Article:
Allogeneic hematopoietic cell transplantation with full-intensity conditioning for adult acute lymphoblastic leukemia: results from a single center, 1998-2006.

Publication Type:

Journal Article


Biology of blood and marrow transplantation : journal of the American Society for Blood and Marrow Transplantation, Volume 17, Issue 8, p.1187-95 (2011)


2011, Adolescent, Adult, Center-Authored Paper, Clinical Research Division, Female, hematopoietic stem cell transplantation, Humans, Male, Middle Aged, Precursor Cell Lymphoblastic Leukemia-Lymphoma, Prognosis, Research Trials Office Core Facility - Biostatistics Service, Retrospective Studies, September 2011, Shared Resources, Survival Analysis, Transplantation Conditioning, Transplantation, Homologous, Young Adult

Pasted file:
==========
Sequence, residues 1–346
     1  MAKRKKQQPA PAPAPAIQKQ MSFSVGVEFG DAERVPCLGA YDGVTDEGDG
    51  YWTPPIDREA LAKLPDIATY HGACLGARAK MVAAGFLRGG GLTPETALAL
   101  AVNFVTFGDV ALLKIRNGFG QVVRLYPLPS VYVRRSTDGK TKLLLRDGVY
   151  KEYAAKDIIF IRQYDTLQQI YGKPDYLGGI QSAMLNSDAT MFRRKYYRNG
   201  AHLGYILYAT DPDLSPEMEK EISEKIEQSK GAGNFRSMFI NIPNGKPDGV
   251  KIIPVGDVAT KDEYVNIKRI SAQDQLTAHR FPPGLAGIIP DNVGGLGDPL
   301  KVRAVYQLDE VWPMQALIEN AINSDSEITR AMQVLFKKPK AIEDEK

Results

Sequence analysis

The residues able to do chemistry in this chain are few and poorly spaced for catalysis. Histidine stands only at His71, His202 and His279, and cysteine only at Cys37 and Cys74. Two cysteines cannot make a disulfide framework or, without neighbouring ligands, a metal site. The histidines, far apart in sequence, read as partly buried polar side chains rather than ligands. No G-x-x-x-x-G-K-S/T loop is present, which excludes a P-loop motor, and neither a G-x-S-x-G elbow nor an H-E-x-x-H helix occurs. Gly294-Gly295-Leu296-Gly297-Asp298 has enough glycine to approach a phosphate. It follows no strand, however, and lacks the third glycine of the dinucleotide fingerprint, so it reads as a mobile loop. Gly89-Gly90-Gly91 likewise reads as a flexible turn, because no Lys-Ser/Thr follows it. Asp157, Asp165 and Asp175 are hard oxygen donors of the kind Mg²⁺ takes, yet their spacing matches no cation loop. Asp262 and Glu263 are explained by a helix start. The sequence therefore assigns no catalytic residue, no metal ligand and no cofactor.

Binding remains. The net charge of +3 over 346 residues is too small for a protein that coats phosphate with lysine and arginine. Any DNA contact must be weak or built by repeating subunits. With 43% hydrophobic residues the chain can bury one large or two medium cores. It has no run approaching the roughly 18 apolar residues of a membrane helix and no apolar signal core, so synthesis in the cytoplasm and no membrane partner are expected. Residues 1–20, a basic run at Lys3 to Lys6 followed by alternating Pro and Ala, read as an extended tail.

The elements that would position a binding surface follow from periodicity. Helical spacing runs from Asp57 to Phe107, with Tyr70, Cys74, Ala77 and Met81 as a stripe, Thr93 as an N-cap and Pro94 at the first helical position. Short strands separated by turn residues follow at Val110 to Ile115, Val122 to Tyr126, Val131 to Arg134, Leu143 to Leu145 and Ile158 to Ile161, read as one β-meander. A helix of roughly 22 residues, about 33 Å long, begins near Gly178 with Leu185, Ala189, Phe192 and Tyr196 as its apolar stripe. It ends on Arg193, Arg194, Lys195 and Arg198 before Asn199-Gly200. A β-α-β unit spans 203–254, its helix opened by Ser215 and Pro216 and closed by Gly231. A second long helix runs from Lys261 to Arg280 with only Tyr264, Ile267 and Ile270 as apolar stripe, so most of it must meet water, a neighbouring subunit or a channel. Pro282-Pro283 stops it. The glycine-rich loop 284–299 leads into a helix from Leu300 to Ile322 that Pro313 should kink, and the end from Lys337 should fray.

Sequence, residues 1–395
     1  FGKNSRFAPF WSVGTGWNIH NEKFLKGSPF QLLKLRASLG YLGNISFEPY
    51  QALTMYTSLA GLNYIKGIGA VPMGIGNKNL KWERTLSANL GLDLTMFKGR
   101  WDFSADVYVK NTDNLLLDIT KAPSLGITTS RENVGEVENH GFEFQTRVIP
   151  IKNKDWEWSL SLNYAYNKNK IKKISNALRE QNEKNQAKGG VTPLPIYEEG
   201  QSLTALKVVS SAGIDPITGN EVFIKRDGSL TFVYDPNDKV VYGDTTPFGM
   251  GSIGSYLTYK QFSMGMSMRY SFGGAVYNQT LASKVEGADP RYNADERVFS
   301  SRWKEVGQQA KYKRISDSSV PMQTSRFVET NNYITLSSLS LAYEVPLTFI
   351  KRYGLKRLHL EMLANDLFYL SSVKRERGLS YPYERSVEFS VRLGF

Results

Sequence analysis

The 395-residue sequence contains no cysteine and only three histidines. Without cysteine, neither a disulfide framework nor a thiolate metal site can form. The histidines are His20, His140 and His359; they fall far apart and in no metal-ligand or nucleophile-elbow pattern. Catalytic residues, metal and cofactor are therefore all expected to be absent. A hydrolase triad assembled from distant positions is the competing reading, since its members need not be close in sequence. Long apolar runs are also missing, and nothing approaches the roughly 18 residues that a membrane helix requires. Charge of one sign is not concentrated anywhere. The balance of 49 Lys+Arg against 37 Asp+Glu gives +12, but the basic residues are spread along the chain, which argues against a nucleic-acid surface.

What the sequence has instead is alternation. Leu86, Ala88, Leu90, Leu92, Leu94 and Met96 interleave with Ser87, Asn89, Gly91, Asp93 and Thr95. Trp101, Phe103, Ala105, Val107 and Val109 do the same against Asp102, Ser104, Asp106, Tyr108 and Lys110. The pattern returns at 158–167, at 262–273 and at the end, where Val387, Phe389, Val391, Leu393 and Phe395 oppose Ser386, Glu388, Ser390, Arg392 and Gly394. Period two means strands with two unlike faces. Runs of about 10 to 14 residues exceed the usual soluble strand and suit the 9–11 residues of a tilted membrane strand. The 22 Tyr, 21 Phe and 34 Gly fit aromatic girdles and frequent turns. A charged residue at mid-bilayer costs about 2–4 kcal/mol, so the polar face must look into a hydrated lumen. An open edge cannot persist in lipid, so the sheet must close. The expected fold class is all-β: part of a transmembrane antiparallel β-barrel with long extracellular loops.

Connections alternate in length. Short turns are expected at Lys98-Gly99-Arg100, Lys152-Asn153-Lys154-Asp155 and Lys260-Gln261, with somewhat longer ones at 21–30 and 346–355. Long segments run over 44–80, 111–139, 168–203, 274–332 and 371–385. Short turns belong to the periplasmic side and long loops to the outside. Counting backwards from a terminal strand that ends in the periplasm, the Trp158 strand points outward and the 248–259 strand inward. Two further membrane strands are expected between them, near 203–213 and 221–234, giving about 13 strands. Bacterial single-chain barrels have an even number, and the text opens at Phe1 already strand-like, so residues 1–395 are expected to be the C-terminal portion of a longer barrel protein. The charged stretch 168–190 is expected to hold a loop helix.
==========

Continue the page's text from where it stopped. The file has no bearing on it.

A retrospective analysis identified 161 consecutive adults with acute lymphoblastic leukemia who underwent allogeneic hematopoietic cell transplantation (HCT) with full-intensity (myeloablative) conditioning between 1998 and 2006. Median patient age was 36.1 years. Seventy-six patients were in first complete remission (CR1), and 85 were in second or greater CR or in relapse. Fifty-nine patients had Philadelphia chromosome-positive acute lymphoblastic leukemia. A total of 159 patients received chemotherapy plus total body irradiation for conditioning. Graft-versus-host disease prophylaxis included a calcineurin inhibitor plus methotrexate or mycophenolate mofetil. Sixty of the donors were related, and 101 were unrelated. A total of 110 patients received granulocyte-colony stimulating factor-stimulated peripheral blood, 47 received bone marrow, and 4 received cord blood as the stem cell source. Fifty-five patients relapsed at a median of 231 days after transplantation. The estimated 5-year probabilities of relapse-free survival, relapse, and nonrelapse mortality were 47%, 30%, and 29%, respectively. By multivariate analyses, transplantation while in CR1 was the most important predictor of successful transplantation. Pretransplantation evidence of minimal residual disease, especially as detected by flow cytometric analysis, was associated with both lower overall survival and lower relapse-free survival. Compared with a similar cohort of patients undergoing transplantation between 1990 and 1997, overall survival was similar for patients undergoing transplantation in CR1, with lower nonrelapse mortality being offset by higher rates of relapse in patients who underwent transplantation more recently.